Verse 4. Man is like to vanity, etc. The occasion of the introduction of these sentiments here is not quite clear. It may be the humility of the warrior who ascribes all success to God instead of to human prowess, or it may be a reflection uttered over the corpses of comrades, or, perhaps a blending of the two. --A.S. Aglen.

Verse 4. Man is like to vanity, etc. With what idle dreams, what foolish plans, what vain pursuits, are men for the most part occupied! They undertake dangerous expeditions and difficult enterprises in foreign countries, and they acquire fame; but what is it? -- Vanity! They pursue deep and abstruse speculations, and give themselves to that "much study which is a weariness to the flesh", and they attain to literary renown, and survive in their writings; but what is it? -- Vanity! They rise up early, and sit up late, and eat the bread of anxiety and care, and thus they amass wealth; but what is it? -- Vanity! They frame and execute plans and schemes of ambition -- they are loaded with honours and adorned with titles -- they afford employment for the herald, and form a subject for the historian; but what is it? -- Vanity! In fact, all occupations and pursuits are worthy of no other epithet, if they are not preceded by, and connected with, a deep and paramount regard to the salvation of the soul, the honour of God, and the interests of eternity ... Oh, then, what phantoms, what airy nothings are those things that wholly absorb the powers and occupy the days of the great mass of mankind around us! Their most substantial good perishes in the using, and their most enduring realities are but "the fashion of this world that passeth away." --Thomas Raffles, 1788-1863.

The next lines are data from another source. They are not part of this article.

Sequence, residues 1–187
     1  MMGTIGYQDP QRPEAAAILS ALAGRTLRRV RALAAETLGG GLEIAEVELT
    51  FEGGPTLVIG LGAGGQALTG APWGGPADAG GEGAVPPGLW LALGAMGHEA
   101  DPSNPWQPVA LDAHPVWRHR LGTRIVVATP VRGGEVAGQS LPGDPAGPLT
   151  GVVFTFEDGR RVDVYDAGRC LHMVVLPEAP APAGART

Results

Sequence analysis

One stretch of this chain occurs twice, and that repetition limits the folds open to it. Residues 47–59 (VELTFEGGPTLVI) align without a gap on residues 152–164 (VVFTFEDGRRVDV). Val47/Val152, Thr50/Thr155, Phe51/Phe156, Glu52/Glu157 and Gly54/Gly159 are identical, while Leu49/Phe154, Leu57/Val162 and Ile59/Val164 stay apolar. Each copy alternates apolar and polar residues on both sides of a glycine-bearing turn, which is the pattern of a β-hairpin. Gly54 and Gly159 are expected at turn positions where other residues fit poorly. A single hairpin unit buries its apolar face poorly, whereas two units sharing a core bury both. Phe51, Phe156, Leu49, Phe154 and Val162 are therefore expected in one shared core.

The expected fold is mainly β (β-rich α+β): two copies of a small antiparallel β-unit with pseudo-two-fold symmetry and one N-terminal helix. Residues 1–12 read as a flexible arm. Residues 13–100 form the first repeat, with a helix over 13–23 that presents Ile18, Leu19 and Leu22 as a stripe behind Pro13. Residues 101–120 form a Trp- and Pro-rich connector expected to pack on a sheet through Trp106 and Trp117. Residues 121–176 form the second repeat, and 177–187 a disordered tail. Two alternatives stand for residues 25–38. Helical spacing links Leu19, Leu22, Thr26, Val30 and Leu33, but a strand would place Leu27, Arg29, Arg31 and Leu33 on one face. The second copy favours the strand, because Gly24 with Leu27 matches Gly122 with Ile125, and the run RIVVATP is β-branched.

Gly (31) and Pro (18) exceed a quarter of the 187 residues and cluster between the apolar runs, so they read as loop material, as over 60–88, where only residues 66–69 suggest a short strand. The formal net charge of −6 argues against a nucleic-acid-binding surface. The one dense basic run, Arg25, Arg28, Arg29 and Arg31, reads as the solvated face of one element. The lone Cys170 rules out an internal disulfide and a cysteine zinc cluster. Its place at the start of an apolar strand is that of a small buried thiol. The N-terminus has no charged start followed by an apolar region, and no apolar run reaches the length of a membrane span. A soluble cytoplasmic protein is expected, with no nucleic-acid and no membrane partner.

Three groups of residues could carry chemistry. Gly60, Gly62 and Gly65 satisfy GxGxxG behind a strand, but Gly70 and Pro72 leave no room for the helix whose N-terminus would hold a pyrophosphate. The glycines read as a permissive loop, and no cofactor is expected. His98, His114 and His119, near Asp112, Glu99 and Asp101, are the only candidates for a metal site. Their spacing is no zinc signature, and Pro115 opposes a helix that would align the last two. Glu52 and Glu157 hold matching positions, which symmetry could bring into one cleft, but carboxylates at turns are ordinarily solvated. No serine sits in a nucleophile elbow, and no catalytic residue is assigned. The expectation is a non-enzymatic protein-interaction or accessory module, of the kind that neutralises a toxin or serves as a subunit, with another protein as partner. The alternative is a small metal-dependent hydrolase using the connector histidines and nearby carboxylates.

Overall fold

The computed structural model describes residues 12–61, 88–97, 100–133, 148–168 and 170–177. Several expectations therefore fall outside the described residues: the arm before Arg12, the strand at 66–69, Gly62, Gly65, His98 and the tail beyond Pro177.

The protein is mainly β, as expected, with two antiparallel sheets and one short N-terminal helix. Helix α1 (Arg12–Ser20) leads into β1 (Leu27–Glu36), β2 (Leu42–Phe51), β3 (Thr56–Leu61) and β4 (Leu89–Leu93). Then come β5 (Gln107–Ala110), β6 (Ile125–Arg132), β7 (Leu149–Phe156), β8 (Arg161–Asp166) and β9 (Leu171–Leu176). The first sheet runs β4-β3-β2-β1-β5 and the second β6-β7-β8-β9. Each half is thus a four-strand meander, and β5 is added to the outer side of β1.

Verse 4. A shadow that passeth away. The shadows of the mountains are constantly shifting their position during the day, and ultimately disappear altogether on the approach of night: so is it with man who is every day advancing to the moment of his final departure from this world. --Bellarmine.

 

HINTS FOR PASTORS AND LAYPERSONS

Verse 4. He is nothing, he pretends to be something, he is soon gone, he ends in nothing as to this life; yet there is a light somewhere.

Verse 4. The Shadow World.

  1. Our lives are like shadows.
  2. But God's light casts these shadows. Our being is of God. The brevity and mystery of life are a part of providence.
  3. The destiny of the shadows; eternal night; or eternal light. --W.B.H.

Verse 4. The brevity of our earthly life.

  1. A profitable subject for meditation.
  2. A rebuke to those who provide for this life alone.
  3. A trumpet call to prepare for eternity.
  4. An incentive to the Christian to make the best of this life for the glory of God. --J.F.